Teacher's Pet (1958) - Rotten Tomatoes

Teacher's Pet (1958)




Critic Consensus: No consensus yet.

Teacher's Pet Trailers & Photos

Movie Info

In this film, hard-boiled, self-educated newspaper editor Clark Gable doesn't believe that the art of news writing can be taught. Gable's publisher, sensing a good story, orders the recalcitrant editor to appear at the lecture. Intrigued by the lovely journalist teacher, Gable enrolls in her class under an assumed name.more
Rating: Unrated
Genre: Drama, Romance, Classics, Comedy
Directed By:
Written By: Fay Kanin, Michael Kanin
In Theaters:
On DVD: Apr 19, 2005
Paramount Home Video


Clark Gable
as James Gannon / James...
Doris Day
as Erica Stone
Gig Young
as Dr. Hugo Pine
Mamie Van Doren
as Peggy DeFore
Nick Adams
as Barney Kovac
Peter Baldwin
as Harold Miller
Marion Ross
as Katy Fuller
Florenz Ames
as J.L. Ballentine
Harry Antrim
as Lloyd Crowley
Vivian Nathan
as Mrs. Kovac
Terry Becker
as Mr. Appino
Elizabeth Harrower
as Clara Dibney
Margaret Muse
as Miss Gross
Merritt Smith
as Mr. Cory
Steffi Sidney
as Bookstore Girl
Frank Richards
as Cab Driver
Army Archerd
as Himself
Vernon Scott
as Himself
Joe Hyams
as Himself
Show More Cast

News & Interviews for Teacher's Pet

Critic Reviews for Teacher's Pet

All Critics (6) | Top Critics (2)

An intelligent look at a time when the old guard of tough-talking gumshoes and snappy reporters were about to surrender to a new breed: educated and self-aware men and women.

Full Review… | October 31, 2006
New York Times
Top Critic

Full Review… | March 26, 2009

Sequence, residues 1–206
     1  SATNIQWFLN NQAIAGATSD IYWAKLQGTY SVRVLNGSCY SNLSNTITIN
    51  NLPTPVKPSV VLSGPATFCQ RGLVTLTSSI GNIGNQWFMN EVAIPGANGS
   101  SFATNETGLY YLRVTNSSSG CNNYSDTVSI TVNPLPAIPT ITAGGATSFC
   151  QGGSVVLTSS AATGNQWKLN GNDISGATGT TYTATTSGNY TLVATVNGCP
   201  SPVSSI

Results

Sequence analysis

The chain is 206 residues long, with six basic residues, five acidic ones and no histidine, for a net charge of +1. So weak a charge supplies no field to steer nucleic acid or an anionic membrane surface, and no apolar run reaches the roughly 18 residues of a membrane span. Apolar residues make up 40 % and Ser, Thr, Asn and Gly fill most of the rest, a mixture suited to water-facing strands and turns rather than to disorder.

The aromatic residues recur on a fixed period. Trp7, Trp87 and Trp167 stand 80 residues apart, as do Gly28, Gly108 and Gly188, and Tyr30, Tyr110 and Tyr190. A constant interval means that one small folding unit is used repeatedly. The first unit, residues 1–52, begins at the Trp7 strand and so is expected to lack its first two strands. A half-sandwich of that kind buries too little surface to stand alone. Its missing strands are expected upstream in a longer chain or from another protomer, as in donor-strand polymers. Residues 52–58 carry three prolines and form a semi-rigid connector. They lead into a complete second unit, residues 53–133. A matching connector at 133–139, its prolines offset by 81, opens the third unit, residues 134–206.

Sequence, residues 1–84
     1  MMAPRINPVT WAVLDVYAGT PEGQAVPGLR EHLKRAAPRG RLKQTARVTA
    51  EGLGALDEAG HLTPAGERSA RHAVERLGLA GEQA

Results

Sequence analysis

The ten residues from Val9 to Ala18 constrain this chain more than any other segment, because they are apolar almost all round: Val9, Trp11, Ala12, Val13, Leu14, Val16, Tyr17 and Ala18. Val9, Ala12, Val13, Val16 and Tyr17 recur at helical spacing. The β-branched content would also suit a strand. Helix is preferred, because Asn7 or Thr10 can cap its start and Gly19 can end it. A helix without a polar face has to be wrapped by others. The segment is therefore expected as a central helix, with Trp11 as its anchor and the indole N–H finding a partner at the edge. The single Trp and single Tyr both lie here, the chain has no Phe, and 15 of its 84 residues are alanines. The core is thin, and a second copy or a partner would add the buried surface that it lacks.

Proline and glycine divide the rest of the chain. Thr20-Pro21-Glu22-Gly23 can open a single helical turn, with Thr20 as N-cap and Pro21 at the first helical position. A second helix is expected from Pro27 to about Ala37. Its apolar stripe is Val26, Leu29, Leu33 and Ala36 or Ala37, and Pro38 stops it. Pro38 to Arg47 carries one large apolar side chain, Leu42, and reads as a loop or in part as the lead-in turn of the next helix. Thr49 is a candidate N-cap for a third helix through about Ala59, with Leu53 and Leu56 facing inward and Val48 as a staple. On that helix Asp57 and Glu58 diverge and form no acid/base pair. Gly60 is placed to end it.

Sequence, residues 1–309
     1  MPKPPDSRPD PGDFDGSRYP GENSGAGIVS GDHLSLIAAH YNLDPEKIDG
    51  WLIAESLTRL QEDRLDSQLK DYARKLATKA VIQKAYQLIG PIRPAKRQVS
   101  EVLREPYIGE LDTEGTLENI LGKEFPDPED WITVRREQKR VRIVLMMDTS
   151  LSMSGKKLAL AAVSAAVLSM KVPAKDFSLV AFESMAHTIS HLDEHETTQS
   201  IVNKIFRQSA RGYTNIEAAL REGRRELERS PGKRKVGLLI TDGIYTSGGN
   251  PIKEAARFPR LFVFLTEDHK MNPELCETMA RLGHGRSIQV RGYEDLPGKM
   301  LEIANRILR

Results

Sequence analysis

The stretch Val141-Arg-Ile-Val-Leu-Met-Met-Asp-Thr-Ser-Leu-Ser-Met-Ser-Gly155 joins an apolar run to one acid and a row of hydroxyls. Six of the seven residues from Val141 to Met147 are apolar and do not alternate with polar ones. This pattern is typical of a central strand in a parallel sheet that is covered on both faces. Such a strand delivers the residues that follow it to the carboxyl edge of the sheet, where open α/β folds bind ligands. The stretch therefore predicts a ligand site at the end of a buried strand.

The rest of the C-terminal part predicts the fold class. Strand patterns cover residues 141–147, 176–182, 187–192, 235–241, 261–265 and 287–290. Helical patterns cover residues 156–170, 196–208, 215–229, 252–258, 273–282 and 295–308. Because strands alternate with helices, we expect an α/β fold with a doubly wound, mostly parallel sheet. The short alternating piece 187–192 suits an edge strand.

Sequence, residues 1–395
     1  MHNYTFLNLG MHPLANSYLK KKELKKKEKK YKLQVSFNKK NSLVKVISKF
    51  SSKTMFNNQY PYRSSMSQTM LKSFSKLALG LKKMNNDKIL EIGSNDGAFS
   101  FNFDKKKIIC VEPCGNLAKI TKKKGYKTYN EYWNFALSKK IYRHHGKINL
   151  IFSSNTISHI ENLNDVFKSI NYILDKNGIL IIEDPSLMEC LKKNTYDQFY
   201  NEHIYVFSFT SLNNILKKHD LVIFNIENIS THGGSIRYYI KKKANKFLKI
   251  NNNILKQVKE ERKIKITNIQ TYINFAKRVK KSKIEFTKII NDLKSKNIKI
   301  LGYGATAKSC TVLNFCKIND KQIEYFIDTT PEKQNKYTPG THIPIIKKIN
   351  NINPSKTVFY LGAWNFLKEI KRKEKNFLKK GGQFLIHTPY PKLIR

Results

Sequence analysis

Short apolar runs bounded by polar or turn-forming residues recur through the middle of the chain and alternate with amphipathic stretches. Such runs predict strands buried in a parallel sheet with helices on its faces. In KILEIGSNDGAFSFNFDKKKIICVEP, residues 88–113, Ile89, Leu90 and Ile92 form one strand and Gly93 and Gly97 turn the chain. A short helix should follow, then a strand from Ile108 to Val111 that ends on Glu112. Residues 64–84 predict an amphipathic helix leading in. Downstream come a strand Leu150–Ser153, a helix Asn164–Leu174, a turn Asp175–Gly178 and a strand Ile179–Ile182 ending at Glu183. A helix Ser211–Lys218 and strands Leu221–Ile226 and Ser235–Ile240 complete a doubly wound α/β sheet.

Top Critic

Brings together journalism and romance into a delicious rather than a nutritious omelet.

Full Review… | March 9, 2008
Ozus' World Movie Reviews

...breezy and likeable.

Full Review… | November 25, 2006
Reel Film Reviews

Clark Gable (in one of his last parts) and Doris Day may be too old for such fluff, but the innocuous screenplay by Michael and Fay Kanin has some charm and Gig Young is truly funny in his Oscar nominated role.

Full Review… | June 29, 2005

Inoffensive, but ultimately lame and lacklustre romantic comedy, where all involved have done better.

Full Review… | May 24, 2003

Audience Reviews for Teacher's Pet

"teacher's pet" is probably clark gable's best comedy in his long run career as king of hollywood, even with his leading lady still in the prime age of blossom (which means gable might age, but NOT his leading ladies)..this time sunny-temperamented doris day is the lad in his brutish masculine conquest.

the most grippling charm of "teacher's pet" would be the witty dispution between intellectual elitism and prole populism, and naturally day's professor stands as the former and gable's hard-boiled newspaper editor shall be the latter. as commoners' contempt to the literate educated men, gable dismisses professors as eggheads who only have ideas without practical economical effiency. the romance blooms along with their mutual appreciation and acceptance to their seperate classes. of course, according to the favor of mass ideology, gable's gotta be the one who captivates the lady of the golden key.